Sunday, 24 June 2007

Australia: Rudd would oppose death penalty

The author of a new biography of Australia's Opposition Leader says Kevin Rudd would launch a campaign against the death penalty if he was elected Prime Minister.

Robert Macklin said Mr Rudd had not spoken widely about the issue before, but his authorised biography contained "a heck of a lot that is absolutely brand new".

"For example, I'm sure that no one has ever mentioned that if he gets to be prime minister one of his important foreign policy objectives will be to begin a campaign to rid the world of the death penalty," the ABC quoted him as saying.

As Opposition spokesman for foreign affairs, Kevin Rudd was active in his opposition to the execution of Australian citizen Van Tuong Nguyen in Singapore, making personal representations and public calls for the Australian Government to intervene in the case.

On 3 December 2005, the day after Van Tuong Nguyen was hanged, Mr Rudd told a media conference that Australia could do "a lot more" to abolish the death penalty.

"The Prime Minister has asked today whether there was anything more that Australia could now do to abolish the death penalty worldwide. The Prime Minister's response was that there was not much more that Australia could do," Mr Rudd said.

"I disagree with the Prime Minister, there is a lot that Australia can do. Australia must, with the Europeans, work through the United Nations to abolish the death penalty universally."

He said Australia could work against the death penalty through the United Nations and in cooperation with "the Europeans".

Australia had signed the Second Optional Protocol of the International Covenant of Civil and Political Rights, along with 50 other countries.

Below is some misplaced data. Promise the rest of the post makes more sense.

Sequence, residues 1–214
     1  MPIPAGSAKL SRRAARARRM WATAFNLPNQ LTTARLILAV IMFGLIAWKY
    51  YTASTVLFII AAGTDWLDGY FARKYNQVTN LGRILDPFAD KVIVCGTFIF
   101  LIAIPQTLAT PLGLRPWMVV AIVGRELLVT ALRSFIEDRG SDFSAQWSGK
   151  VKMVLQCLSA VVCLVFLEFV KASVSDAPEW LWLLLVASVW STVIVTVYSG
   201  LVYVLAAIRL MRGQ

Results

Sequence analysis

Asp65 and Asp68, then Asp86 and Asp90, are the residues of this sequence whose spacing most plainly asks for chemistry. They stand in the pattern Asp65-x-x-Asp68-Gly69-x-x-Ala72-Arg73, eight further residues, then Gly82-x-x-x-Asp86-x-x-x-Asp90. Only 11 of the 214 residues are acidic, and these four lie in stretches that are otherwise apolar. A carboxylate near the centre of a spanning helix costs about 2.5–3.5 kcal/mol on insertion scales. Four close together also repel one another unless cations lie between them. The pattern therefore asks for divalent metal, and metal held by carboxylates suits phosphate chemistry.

"But [that] leaves about 150 other countries to go, around the world. And that is where Australia can team up with the Europeans, who have a similar attitude to Australia, to make sure that we put in every effort to abolish the death penalty universally and for all time," he said.

"It doesn't matter whether we are talking about the death penalty in the United States, the Islamic Republic of Iran, or in the Republic of Singapore, Australia should get behind the Europeans, through the United Nations, to put in every effort to abolish this form of punishment, once and for all, throughout the world, and for all time."

He also called for consistent opposition to the death penalty worldwide.

"It is important that our policy is consistent. Labor policy, like the Liberal policy, worldwide, is opposed to the death penalty. And whether we are talking about individuals in Iraq or Indonesia or elsewhere, our policy has to be consistent.

"When it comes to Australians, Australian citizens, who are convicted of the death penalty, then together with the Liberal Party, Labor's policy is to make representations to the government concerned to try and seek clemency."

Related stories:
Remembering Van Tuong Nguyen -- 29 November, 2006
MP criticises "tragic waste of human life" -- 29 November, 2006
Trade undisturbed by Singapore execution -- 04 July 2006
Victoria criticises Singapore death penalty -- 17 April 2006

Thursday, 14 June 2007

No death penalty in draft Thai constitution

The assembly drafting Thailand's next constitution has removed any reference to the death penalty from its draft charter, according to a report in The Nation.

The Constitution Drafting Assembly (CDA) this week removed the expression "death penalty", which The Nation said paved the way for "a possible future campaign to eventually end capital punishment in Thailand".

If the death penalty was provided for in the constitution, a campaign for abolition would have to counter the argument that the punishment was allowed -- or protected -- by the country's highest law.